Gov’t puts credit card commissions in its sightsAs the government tries to ameliorate the damage done by its jacking up of the minimum wage, it is now trying to help small businesses get a better deal from credit card companies.
In a meeting with Blue House aides on Monday, President Moon Jae-in said the government will work swiftly on measures to make up for the impact on small businesses like restaurants and convenience stores, including lowering commissions charged by credit card companies to a “rational” level.
On Tuesday, pressure to lower credit card commissions came from both the government and the ruling Democratic Party.
The Democratic Party on Tuesday announced that it reached an agreement with the government to resolve some difficulties small businesses face, including lowering credit card commissions as well as limiting excessive increases in rents on premises and unfair contracts.
“It is important to help small businesses secure their incomes and the ability to pay their employees to allow them to maintain their staff,” said Hong Young-pyo, the ruling party’s floor leader.
The credit card industry is hardly happy with the direction of the government and ruling party’s thinking, arguing that in the past 10 years it has been lowering commissions charged on credit card use.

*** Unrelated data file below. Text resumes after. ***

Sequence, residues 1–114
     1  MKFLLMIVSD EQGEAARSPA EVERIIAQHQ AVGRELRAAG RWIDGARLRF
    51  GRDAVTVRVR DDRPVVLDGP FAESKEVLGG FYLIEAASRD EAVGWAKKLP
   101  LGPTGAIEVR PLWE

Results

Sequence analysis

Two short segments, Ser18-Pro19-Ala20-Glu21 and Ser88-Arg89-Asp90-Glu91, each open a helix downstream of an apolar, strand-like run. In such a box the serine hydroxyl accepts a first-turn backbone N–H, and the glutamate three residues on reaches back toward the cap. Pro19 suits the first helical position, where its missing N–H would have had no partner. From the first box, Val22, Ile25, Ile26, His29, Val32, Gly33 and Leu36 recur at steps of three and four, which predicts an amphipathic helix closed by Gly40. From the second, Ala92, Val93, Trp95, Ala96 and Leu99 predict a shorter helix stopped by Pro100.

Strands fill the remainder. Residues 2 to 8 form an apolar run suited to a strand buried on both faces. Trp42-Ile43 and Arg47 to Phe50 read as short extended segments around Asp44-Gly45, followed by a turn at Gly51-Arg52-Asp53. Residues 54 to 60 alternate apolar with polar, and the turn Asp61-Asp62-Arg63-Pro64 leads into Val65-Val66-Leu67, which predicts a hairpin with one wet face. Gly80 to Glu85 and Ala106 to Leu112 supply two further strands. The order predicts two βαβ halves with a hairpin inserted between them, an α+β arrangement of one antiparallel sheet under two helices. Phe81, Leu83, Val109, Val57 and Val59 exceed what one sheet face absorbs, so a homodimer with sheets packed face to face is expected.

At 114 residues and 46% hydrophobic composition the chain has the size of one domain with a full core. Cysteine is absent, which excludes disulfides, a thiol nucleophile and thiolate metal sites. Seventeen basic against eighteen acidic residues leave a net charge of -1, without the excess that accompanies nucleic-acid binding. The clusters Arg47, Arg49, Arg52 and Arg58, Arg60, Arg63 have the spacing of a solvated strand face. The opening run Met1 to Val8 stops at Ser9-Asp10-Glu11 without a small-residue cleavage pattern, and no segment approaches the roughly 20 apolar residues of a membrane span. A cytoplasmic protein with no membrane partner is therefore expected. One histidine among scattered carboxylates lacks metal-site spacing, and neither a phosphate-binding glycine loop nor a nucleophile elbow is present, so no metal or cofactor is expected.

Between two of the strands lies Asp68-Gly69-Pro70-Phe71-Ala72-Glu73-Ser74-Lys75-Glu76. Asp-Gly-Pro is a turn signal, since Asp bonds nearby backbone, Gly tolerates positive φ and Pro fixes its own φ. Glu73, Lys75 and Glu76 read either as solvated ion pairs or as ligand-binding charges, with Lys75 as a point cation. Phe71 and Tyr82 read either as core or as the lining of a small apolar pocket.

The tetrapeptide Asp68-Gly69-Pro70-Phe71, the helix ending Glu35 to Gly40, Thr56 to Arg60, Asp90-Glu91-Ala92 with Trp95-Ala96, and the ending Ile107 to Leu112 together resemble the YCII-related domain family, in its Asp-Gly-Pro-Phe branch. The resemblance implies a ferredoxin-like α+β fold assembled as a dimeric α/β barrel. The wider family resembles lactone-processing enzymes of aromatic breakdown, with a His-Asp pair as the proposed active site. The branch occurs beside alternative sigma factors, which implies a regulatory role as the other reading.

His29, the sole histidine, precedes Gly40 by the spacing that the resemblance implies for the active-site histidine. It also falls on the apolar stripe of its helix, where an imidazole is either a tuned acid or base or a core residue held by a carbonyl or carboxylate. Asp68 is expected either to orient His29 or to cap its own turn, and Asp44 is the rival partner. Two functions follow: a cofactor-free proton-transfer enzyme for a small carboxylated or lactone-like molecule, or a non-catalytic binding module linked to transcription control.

According to the Credit Finance Association, credit card commissions charged to vendors, which were 4.5 percent in August 2007, have been lowered to a maximum of 2.5 percent on average for small businesses, including restaurants and convenience stores.
The lowest commission was adjusted to 0.8 percent in 2016 from 1.5 percent in 2013 for businesses with annual revenues of less than 200 million won ($177,612).
For businesses with annual revenues of less than 300 million won, the commission was lowered from 2 percent in 2015 to 1.3 percent in 2016.
However, in 2017, the Moon government allowed business with revenues of less than 300 million won to be included in the 0.8 percent commission rate.
Slightly larger businesses have argued that they pay larger commissions - 2.5 percent - than major discount chains and department stores, which are charged between 1.5 percent and 1.8 percent. In the case of Costco, it has been reported that it only pays a commission of 0.7 percent.
Although next year’s minimum wage has not yet been finalized, the Minimum Wage Commission over the weekend voted in favor of raising next year’s minimum wage 10.9 percent to 8,350 won per hour. The decision was made even after a boycott by representatives of employers, who argued that the hike would unfairly increase the burden on small businesses, which also include rising rents, and drive them out of business.
The Financial Services Commission is looking into the possibility of revising a law that forces all businesses to accept credit cards, even for small payments less than 1,000 won. If this regulation is abolished, convenience stores can demand cash and save the commission.
Roughly 70 percent of payments made at convenience stores are reportedly made by credit card and a significant number is under 1,000 won.
BY LEE HO-JEONG [firstname.lastname@example.org]